The best way is to ask other artists how they handle this.

Online discussion forums are great places to find out what works for others. You’ll find a wide range of artists from all over the country who can share their process or make suggestions. There’s just one caveat.

What works for one person and their product, may not work for you and yours.

Even worse….If no one in the group has figured it out, it can be an exercise in frustration and commiseration. Instead of a brain-storming session, it turns into a …… Well, everyone starts agreeing just how impossible the whole scenario is. And that’s bad. Because….

You don’t want to give yourself an excuse to just give up.

Declaring a situation impossible to deal with lets us off the hook. It’s not our fault, we tell ourselves. We are not responsible for our lack of success–it’s obviously impossible to succeed!

I used to get overwhelmed by roadblocks, too. I thought there had to be a “right way” to do this. And I just had to figure out what that “right way” was.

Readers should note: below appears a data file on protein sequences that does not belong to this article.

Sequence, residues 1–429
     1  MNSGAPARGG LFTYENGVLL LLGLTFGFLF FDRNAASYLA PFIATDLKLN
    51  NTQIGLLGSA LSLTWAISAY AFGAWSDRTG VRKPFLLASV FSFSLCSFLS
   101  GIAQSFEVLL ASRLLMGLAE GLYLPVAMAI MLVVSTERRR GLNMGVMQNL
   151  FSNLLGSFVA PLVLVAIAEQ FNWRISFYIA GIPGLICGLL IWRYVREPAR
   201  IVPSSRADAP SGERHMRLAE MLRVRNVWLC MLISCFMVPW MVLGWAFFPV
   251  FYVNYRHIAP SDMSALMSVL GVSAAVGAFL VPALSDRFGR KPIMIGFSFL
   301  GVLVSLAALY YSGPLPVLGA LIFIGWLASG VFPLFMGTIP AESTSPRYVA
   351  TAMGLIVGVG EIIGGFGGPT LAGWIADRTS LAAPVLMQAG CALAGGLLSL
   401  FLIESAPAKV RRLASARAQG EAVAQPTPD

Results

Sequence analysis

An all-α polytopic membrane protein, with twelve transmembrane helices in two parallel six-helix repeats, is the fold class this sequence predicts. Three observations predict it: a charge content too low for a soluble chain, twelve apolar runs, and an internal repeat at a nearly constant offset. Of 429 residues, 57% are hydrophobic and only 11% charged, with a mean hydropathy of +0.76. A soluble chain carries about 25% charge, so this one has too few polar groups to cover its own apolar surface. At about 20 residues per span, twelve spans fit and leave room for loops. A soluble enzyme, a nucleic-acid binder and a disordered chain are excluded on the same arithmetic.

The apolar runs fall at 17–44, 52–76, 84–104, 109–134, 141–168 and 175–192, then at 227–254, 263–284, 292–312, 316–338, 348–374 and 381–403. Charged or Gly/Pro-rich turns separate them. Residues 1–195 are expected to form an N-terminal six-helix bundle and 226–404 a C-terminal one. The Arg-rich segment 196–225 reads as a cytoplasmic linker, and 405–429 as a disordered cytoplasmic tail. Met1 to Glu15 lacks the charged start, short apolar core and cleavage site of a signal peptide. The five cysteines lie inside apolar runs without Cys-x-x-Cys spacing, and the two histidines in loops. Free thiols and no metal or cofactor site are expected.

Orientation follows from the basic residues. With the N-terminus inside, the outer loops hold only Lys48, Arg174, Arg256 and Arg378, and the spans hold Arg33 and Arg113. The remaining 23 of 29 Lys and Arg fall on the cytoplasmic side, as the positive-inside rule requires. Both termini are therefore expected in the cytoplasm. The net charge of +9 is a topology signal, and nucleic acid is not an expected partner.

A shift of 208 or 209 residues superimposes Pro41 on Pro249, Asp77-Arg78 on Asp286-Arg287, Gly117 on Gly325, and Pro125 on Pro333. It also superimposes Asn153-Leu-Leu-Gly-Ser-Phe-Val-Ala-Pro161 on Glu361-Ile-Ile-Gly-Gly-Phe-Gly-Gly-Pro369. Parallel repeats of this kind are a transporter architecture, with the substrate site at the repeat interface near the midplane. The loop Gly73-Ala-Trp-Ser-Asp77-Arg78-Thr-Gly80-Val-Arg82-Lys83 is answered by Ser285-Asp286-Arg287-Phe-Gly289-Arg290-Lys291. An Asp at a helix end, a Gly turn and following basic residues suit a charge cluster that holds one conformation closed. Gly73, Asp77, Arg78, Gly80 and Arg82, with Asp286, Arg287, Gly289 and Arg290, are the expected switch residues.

If I couldn’t figure it out–I’m off the hook! If others succeed where I can’t, then it’s because they’re lucky–right? And I’m just not lucky.

Nope. No more. I can’t let myself off that easily. In my heart, I know it can take years to be an ‘overnight success’.

And no one succeeds by giving up.

Mistakes and dead ends don’t prove you’re wrong. They’re merely evidence there’s still more to be learned.

There is no single “right way”. There’s simply the way that will work for YOU.

I’ve learned that the first thing I need is an attitude adjustment. Trial-and-error sucks. So let’s call it… “running an experiment”. That’s much more appealing! Cold-calling stores for information is hard. I’ll call it “market research”. That sounds quite professional.

Second, I watch for other people doing one-of-a-kind work. If they’ve been doing it awhile, they’ve found something that works for them. So
maybe it would work for me.